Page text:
Grove Press
Grove Press
Grove Press


by Kenzaburo Oe Translated from Japanese by Philip Gabriel

“A power story about fanaticism and faith. . . . [Somersault] shows a Nobel master at work in a huge new novel that takes on great themes and does so in a persuasive . . . fashion. . . . Giants still do stride around. And Kenzaburo Oe is one of them.” –Alan Cheuse, The Chicago Tribune

  • Imprint Grove Paperback
  • Page Count 576
  • Publication Date January 20, 2004
  • ISBN-13 978-0-8021-4045-6
  • Dimensions 6" x 9"
  • US List Price $18.00

About The Book

Kenzaburo Oe is internationally recognized as one of the world’s finest writers. When he won the Nobel Prize nearly ten years ago, he announced that he would no longer be writing fiction–or, if he did, that his future work would be radically different from the highly autobiographical fiction he was known for. Now, with Somersault, Oe has broken his silence and shared with us the result of his artistic reorientation, in a magnificent story of the charisma of leaders, the danger of zealotry, and the mystery of faith.

A decade before Somersault opens, two men referred to as the Patron and Guide of mankind were leaders of an influential religious movement. When a radical faction of their followers threatened to unleash an apocalypse, they recanted all of their teachings and abandoned their followers. Now, after ten years of silence, Patron and Guide begin contacting their old followers and reaching out to the public, assisted by a small group of young people who have come to them in recent months.

Just as they are beginning this renewed push, the radical faction kidnaps Guide, holding him captive until his health gives out. Patron and a small core of the faithful, including a painter named Kizu who may become the new Guide, move to the mountains to establish the church’s new base, followed by two groups from Patron’s old church: the devout Quiet Women, and the Technicians, who have ties to the old radical faction. The Baby Fireflies, young men from a nearby village, attempt to influence the church with local traditions and military discipline. As planning proceeds for the summer conference that will bring together the faithful and launch the new church in the eyes of the world, the conflicting agendas of these factions threaten to make a mockery of the church’s unity–or something far more dangerous.

Ambitious and beautifully told, Somersault illuminates the spiritual searching of modern man that makes religious cults so compelling. Somersault is an astonishing achievement that again confirms Kenzaburo Oe’s place among the world’s finest writers, even as it takes his body of work in fresh and fertile new directions.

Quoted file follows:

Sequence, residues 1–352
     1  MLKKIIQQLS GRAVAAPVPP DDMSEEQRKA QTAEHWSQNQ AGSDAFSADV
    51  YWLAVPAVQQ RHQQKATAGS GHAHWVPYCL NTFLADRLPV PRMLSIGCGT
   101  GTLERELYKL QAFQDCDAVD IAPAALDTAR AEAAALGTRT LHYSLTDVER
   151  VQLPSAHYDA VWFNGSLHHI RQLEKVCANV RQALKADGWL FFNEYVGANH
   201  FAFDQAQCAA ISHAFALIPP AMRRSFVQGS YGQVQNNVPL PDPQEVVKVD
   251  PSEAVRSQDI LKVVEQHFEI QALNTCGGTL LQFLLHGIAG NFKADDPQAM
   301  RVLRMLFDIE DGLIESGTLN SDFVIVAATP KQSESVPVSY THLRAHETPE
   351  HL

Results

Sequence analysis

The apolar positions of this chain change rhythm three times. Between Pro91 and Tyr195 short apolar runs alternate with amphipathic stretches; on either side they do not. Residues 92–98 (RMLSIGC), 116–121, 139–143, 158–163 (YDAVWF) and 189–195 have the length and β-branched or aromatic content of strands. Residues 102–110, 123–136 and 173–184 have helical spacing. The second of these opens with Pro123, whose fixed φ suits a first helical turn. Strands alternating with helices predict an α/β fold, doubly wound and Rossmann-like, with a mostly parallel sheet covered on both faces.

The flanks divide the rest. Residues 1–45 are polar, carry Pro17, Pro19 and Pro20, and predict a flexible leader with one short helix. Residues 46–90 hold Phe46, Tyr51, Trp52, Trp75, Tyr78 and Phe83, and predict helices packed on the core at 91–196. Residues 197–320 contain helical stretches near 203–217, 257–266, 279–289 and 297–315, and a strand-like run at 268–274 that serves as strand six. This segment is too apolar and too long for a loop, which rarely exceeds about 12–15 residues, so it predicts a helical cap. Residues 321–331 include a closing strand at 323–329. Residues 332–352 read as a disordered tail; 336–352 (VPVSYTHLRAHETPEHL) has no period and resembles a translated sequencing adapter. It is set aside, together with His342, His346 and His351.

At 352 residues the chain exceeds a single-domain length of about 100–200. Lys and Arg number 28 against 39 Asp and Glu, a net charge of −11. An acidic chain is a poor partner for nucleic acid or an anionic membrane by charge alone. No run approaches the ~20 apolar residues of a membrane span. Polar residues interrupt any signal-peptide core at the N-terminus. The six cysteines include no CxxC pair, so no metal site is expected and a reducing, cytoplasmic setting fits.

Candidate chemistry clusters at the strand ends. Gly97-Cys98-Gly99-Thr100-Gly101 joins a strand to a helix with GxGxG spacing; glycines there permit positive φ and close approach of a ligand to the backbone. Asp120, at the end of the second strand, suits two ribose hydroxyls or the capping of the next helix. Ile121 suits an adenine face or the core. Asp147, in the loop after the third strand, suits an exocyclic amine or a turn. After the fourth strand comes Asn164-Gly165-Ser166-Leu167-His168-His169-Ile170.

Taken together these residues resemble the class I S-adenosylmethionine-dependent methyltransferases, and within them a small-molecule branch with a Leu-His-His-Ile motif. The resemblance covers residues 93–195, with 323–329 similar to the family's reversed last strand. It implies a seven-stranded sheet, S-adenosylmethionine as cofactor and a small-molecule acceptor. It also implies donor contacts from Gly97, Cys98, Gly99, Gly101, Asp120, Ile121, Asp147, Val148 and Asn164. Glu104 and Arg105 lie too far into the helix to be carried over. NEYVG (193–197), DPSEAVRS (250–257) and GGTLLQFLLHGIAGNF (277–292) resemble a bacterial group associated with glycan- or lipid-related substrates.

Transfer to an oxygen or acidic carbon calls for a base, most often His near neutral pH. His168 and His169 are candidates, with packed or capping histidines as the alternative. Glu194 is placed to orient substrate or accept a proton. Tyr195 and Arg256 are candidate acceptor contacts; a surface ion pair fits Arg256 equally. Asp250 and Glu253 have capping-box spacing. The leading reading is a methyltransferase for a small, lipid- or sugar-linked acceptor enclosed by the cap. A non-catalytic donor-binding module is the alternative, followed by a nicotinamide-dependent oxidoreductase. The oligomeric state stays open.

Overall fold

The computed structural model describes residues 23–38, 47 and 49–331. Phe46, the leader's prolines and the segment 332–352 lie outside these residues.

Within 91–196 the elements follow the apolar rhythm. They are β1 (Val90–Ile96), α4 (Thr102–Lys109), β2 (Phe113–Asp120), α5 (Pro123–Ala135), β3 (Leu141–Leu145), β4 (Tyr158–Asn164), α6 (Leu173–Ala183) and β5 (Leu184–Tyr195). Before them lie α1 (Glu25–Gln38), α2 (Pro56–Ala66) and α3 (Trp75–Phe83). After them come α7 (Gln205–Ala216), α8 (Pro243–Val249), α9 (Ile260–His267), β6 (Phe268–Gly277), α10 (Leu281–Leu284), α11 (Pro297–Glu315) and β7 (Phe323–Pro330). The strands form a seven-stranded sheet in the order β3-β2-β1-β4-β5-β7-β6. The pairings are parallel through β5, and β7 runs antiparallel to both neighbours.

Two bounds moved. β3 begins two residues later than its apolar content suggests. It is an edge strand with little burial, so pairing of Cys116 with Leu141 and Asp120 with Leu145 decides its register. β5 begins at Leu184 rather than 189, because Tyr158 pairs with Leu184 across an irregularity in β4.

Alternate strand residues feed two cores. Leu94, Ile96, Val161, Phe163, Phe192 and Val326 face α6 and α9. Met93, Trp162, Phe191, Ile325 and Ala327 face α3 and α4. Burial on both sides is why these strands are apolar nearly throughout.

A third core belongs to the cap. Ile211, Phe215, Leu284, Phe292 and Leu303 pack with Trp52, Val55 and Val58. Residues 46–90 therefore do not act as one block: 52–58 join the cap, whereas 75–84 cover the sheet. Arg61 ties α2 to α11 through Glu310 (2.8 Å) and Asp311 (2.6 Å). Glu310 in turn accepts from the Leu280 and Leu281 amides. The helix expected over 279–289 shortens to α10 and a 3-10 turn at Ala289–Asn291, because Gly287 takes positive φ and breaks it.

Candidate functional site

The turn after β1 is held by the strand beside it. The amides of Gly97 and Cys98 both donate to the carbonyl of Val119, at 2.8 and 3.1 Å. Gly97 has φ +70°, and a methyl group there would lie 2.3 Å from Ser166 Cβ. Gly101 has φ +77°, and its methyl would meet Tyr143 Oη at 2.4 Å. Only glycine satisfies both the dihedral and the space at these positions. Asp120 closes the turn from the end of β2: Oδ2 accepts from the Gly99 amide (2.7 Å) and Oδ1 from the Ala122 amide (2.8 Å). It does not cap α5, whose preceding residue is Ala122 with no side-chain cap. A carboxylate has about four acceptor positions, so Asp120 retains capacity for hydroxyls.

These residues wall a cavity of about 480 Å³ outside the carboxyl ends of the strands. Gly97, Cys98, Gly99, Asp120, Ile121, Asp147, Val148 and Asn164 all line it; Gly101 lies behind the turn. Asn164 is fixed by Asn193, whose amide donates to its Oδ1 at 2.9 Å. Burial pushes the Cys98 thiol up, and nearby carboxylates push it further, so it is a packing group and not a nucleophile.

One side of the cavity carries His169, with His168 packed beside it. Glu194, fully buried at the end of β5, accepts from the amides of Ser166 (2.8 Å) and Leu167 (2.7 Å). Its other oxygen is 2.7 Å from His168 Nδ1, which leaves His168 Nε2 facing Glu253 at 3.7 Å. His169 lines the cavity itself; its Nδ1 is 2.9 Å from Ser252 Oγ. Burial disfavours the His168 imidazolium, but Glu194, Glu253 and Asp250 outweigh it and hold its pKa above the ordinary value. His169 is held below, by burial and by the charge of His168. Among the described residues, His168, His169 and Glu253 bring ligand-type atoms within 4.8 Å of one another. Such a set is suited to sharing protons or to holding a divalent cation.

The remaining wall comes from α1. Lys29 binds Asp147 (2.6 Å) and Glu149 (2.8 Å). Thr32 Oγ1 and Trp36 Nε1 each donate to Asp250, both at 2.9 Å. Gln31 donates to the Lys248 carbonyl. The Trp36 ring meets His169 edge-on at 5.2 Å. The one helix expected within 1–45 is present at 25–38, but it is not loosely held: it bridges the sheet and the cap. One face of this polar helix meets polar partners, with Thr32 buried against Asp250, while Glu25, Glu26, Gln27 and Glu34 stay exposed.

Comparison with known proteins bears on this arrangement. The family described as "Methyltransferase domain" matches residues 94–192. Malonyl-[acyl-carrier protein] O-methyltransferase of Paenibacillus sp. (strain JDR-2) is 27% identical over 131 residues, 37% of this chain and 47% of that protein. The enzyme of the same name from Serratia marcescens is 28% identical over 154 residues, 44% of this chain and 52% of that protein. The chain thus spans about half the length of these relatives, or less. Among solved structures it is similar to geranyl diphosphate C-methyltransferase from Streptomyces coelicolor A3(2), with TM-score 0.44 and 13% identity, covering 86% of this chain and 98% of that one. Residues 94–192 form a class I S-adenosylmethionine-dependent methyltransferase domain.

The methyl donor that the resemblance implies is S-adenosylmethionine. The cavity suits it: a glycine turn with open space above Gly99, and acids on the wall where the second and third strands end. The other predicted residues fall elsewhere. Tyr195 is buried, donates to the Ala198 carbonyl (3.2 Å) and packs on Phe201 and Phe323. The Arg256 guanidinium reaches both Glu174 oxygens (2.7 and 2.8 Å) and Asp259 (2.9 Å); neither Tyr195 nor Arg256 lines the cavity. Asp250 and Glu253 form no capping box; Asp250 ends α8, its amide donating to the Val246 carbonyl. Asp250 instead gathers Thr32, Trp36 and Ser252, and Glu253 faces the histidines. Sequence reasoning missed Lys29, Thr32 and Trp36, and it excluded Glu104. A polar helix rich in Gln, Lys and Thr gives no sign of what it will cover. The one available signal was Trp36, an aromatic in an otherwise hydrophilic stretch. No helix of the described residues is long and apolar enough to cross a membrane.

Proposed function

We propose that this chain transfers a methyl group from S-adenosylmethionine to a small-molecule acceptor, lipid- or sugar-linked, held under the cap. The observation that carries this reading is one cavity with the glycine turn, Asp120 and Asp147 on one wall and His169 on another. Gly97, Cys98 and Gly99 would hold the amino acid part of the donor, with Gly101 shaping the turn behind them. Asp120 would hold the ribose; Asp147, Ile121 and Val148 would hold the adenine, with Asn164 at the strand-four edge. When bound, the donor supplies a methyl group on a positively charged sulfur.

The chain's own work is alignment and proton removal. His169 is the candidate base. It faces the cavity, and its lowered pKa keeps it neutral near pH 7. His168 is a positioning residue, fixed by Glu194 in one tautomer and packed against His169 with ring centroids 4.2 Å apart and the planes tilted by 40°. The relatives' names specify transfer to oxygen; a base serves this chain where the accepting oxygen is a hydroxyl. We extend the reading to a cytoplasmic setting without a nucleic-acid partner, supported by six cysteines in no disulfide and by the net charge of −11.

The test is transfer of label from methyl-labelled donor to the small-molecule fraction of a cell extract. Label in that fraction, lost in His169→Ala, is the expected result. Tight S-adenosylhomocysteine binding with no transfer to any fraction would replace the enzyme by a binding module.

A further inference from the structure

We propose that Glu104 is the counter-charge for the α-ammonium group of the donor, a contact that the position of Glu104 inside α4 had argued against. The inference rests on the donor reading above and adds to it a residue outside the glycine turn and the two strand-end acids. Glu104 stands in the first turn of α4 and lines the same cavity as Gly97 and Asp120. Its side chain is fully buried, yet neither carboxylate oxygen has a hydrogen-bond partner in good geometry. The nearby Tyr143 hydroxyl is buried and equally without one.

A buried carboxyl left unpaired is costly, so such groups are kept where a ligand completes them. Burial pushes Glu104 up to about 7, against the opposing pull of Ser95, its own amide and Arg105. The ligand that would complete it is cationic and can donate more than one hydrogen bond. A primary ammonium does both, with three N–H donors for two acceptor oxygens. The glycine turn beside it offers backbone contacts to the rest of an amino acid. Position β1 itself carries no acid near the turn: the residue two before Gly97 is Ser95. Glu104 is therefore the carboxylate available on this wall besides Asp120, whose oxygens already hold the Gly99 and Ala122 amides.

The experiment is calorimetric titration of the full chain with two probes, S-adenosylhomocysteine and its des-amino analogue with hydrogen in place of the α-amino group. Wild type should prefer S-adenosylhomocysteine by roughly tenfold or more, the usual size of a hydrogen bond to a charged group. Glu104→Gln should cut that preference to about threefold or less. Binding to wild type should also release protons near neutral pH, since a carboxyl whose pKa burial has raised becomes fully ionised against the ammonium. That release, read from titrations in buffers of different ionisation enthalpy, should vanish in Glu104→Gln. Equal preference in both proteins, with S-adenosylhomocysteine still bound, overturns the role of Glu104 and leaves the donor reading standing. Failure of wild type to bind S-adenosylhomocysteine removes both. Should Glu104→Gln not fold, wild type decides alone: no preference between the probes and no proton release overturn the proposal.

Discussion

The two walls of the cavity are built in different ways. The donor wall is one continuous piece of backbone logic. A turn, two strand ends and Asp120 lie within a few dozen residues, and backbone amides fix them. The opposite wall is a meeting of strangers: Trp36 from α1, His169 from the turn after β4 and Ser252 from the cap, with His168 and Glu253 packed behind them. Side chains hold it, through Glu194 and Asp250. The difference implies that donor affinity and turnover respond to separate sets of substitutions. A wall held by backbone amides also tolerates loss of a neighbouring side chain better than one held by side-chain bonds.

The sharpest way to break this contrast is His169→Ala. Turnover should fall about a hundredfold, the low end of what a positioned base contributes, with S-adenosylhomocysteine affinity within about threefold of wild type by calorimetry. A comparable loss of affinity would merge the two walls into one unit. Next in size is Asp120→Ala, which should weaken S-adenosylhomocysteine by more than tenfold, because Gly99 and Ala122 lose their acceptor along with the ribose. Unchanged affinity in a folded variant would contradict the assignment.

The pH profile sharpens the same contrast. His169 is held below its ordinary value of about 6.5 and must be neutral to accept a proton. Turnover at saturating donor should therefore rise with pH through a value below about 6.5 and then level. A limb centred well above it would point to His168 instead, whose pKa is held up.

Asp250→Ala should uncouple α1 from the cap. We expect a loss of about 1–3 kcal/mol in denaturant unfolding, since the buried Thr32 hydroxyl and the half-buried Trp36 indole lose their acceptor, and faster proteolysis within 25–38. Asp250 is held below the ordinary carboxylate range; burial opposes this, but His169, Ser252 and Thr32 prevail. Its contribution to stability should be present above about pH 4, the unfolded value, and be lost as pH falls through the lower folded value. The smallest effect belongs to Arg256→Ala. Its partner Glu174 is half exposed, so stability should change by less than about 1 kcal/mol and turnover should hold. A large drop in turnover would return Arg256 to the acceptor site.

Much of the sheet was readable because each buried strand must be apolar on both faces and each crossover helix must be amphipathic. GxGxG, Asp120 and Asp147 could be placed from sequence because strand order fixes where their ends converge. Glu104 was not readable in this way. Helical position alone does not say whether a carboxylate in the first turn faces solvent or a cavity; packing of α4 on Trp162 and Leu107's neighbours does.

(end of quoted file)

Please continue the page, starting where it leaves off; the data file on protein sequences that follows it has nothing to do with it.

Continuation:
Tags Literary


“A power story about fanaticism and faith. . . . [Somersault] shows a Nobel master at work in a huge new novel that takes on great themes and does so in a persuasive . . . fashion. . . . Giants still do stride around. And Kenzaburo Oe is one of them.” –Alan Cheuse, The Chicago Tribune

“Everything, it seems, is here: religion, art, sex (straight and gay), terrorism, the fate of the Earth, even close analysis of Welsh poetry.” –Stephen Mitchelmore, The Washington Post

“A dazzling illustration of the principles of the dialectic, carried to the uttermost limits: to the erotic nimbus surrounding death, to the very nature of God.” –Kai Maristed, The Los Angeles Times Book Review

“Ambitious. . . . Somersault is mainly powered by discussions of religious theory: theories of the apocalypse, theories about false prophets, theories about God. . . . Oe’s distinctive style combines the impassioned, abstract mode of religious inquiry with the grotesque and often palpable details of human misery, with the result that his characters often have an Old Testament quality about them.” –Francie Lin, The San Francisco Chronicle

“Oe explores the struggle of contemporary Japanese to situate themselves between a traditional culture and the bullet-train pace of the boom years.” –The New Yorker

“Intricate and intriguing. . . . A work of creative philosophy in the Kierkegaardian tradition. . . . [Somersault] establishes its themes of faith and salvation by crafting elaborate references to the Book of Jonah, The Brothers Karamazov, Don Quiote and Hirohito’s renunciation of his divinity. . . . A provocative exploration of spiritual emptiness and religious yearning by one of the world’s most important authors.” –Kay Chubbuck, The Baltimore Sun

“The theme is about more than cults and fanatics. It is about repentance and the desire to save the whole world, about the search for meaning in life and the desires to believe in something.” –John Debaun, The Milwaukee Journal

“A resolutely political work and a deeply humanistic, arguably also quite personal book.” –Bruce Allen, The Washington Times

“The cumulative argument–that the longer society fails to meet the needs of its people, the more jarring will be the attempts to rationalize transcendent violence–is a powerful and timely one.” –Wingate Packard, The Seattle Times